And this brings us to the second exogenous change. Elias noted that in the late Middle Ages people began to unmire themselves from technological and economic stagnation. Money increasingly replaced barter, aided by the larger national territories in which a currency could be recognized. The building of roads, neglected since Roman times, resumed, allowing the transport of goods to the hinterlands of the country and not just along its coasts and navigable rivers.

Horse transport became more efficient with the use of horseshoes that protected hooves from paving stones and yokes that didn’t choke the poor horse when it pulled a heavy load. Wheeled carts, compasses, clocks, spinning wheels, treadle looms, windmills, and water mills were also perfected in the later Middle Ages. And the specialized expertise needed to implement these technologies was cultivated in an expanding stratum of craftsmen. The advances encouraged the division of labor, increased surpluses, and lubricated the machinery of exchange. Life presented people with more positive-sum games and reduced the attractiveness of zero-sum plunder.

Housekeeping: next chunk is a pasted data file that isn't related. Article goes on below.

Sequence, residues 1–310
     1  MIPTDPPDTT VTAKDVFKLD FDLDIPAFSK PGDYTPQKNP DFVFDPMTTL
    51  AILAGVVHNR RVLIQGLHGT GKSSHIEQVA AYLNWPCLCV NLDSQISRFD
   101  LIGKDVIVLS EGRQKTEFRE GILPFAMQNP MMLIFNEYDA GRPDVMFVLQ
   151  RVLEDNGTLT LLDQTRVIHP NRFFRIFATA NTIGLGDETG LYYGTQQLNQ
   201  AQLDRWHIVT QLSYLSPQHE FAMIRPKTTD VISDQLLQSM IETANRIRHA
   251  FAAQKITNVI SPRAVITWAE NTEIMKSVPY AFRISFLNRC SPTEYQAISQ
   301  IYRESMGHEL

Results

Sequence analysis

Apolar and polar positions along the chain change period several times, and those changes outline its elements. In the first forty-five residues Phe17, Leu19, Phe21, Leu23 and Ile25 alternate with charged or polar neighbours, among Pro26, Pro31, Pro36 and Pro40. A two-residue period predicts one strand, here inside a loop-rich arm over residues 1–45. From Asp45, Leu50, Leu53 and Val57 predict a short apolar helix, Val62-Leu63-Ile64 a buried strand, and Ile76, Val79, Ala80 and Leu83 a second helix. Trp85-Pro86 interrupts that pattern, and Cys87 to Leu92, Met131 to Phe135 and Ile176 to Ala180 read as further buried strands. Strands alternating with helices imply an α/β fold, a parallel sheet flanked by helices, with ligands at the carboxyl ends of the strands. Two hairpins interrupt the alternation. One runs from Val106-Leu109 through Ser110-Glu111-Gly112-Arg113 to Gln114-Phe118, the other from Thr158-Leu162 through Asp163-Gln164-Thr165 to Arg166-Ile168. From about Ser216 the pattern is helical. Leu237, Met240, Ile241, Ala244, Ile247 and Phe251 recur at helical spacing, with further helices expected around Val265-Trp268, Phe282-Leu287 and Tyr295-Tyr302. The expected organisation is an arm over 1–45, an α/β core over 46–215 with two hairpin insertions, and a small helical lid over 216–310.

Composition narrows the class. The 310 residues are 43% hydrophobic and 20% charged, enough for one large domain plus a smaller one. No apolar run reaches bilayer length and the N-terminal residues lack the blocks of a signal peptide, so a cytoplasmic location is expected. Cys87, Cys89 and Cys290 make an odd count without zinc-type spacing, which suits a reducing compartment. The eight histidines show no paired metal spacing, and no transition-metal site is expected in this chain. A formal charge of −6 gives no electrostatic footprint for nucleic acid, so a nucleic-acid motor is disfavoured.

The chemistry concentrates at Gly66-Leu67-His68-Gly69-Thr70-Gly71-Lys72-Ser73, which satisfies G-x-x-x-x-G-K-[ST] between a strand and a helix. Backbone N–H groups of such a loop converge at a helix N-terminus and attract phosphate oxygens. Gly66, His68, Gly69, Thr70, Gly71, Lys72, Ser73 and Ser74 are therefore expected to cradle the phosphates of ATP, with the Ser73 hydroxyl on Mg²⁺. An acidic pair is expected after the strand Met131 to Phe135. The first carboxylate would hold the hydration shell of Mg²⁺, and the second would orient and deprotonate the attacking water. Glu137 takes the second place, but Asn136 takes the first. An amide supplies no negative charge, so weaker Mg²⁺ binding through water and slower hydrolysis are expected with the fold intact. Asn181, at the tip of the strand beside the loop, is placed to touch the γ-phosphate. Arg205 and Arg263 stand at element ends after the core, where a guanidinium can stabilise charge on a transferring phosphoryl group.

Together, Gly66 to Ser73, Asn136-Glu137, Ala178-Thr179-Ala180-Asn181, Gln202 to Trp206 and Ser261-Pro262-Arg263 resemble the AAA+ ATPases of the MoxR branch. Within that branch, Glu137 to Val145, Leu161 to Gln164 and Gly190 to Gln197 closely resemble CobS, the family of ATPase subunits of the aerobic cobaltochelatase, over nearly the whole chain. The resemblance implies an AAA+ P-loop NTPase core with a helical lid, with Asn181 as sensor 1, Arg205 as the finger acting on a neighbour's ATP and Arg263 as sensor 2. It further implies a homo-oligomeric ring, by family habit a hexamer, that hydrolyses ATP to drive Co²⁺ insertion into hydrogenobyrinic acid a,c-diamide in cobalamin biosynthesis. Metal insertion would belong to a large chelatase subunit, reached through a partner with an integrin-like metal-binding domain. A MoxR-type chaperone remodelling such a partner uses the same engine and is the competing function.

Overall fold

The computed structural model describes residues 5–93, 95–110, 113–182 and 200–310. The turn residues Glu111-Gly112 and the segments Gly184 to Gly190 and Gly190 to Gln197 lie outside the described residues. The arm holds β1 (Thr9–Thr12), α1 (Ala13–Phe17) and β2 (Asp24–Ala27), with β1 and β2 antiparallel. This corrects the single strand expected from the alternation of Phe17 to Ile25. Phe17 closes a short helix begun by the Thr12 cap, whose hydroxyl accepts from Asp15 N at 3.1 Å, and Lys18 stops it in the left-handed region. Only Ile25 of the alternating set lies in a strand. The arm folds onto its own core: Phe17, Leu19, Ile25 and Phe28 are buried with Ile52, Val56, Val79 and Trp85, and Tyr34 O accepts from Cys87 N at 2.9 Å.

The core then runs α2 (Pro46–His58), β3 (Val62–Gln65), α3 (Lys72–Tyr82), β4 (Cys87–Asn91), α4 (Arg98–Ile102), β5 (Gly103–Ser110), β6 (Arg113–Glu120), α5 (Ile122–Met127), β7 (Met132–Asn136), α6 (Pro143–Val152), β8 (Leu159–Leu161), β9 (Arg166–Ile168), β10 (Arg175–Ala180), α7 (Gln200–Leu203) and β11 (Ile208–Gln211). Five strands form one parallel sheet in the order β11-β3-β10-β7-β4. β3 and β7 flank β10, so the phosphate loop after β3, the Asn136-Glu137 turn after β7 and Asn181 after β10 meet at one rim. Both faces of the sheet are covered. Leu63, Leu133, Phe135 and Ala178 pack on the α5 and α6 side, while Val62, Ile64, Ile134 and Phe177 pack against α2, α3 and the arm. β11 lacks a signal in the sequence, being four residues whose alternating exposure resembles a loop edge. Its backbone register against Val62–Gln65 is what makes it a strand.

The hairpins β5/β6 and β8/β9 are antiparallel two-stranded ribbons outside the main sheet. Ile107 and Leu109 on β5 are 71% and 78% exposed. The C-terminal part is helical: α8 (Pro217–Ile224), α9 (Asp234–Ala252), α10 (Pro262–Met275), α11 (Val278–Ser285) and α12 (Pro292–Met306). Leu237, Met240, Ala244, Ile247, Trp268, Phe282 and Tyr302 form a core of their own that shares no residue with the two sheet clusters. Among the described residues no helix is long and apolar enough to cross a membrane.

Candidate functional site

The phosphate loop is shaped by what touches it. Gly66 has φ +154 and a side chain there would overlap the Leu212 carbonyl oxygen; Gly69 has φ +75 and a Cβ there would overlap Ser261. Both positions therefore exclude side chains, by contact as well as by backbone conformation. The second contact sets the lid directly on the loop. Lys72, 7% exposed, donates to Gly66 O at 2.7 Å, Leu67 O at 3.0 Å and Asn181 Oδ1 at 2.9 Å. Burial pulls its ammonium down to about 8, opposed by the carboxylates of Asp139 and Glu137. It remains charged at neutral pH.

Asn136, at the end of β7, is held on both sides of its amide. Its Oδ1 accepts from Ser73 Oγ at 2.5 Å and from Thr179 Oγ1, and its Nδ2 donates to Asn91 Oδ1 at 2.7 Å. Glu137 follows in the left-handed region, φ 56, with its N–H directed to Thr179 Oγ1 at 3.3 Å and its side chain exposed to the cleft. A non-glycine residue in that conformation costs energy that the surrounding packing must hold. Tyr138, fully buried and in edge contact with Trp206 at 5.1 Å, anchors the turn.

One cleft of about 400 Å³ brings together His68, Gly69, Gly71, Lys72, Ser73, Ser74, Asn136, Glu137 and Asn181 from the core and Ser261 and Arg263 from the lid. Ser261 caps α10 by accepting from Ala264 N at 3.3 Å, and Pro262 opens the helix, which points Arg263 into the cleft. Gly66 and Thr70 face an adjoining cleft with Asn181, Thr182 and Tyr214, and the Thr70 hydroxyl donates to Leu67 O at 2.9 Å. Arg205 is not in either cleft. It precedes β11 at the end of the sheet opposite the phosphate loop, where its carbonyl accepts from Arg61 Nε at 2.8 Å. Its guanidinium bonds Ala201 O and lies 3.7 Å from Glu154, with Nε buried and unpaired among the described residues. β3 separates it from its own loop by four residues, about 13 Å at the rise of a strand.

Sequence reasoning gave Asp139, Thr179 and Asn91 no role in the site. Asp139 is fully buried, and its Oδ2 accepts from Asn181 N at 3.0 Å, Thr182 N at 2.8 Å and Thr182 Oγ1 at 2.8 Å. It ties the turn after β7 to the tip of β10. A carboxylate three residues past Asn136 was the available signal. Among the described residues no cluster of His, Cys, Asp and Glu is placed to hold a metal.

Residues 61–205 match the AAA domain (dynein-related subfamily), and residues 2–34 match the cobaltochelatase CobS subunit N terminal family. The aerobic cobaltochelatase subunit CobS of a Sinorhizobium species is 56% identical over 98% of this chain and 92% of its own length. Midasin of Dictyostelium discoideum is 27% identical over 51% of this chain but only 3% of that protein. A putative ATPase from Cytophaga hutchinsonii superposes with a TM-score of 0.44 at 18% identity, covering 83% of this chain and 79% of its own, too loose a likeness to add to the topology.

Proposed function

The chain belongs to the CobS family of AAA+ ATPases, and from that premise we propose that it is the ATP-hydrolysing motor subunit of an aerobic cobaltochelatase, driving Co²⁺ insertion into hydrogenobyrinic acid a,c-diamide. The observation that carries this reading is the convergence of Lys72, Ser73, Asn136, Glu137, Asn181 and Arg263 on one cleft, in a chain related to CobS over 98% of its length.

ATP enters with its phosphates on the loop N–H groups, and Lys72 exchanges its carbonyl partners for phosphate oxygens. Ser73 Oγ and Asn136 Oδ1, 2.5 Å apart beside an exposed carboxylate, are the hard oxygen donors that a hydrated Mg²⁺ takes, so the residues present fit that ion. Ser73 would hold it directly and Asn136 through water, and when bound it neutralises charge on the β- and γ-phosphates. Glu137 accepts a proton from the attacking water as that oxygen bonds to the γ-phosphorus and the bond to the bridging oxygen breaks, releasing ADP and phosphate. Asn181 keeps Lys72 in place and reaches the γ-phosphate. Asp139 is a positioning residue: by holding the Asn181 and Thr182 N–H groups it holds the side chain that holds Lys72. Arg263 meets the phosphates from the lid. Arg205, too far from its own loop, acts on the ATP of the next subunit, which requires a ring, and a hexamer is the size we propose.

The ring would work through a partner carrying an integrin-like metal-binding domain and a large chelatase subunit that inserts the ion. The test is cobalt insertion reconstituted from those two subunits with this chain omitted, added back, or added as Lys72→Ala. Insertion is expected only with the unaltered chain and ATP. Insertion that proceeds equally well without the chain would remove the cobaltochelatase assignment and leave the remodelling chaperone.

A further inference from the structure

To take advantage of the opportunities, people had to plan for the future, control their impulses, take other people’s perspectives, and exercise the other social and cognitive skills needed to prosper in social networks. The two triggers of the Civilizing Process— the Leviathan and gentle commerce— are related. The positive-sum cooperation of commerce flourishes best inside a big tent presided over by a Leviathan. Not only is a state well suited to provide the public goods that serve as infrastructure for economic cooperation, such as money and roads, but it can put a thumb on the scale on which players weigh the relative payoffs of raiding and trading. Suppose a knight can either plunder ten bushels of grain from his neighbor or, by expending the same amount of time and energy, raise the money to buy five bushels from him. The theft option looks pretty good. But if the knight anticipates that the state will fine him six bushels for the theft, he’d be left with only four, so he’s better off with honest toil. Not only do the Leviathan’s incentives make commerce more attractive, but commerce makes the job of the Leviathan easier. If the honest alternative of buying the grain hadn’t been available, the state would have had to threaten to squeeze ten bushels out of the knight to deter him from plundering, which is harder to enforce than squeezing five bushels out of him.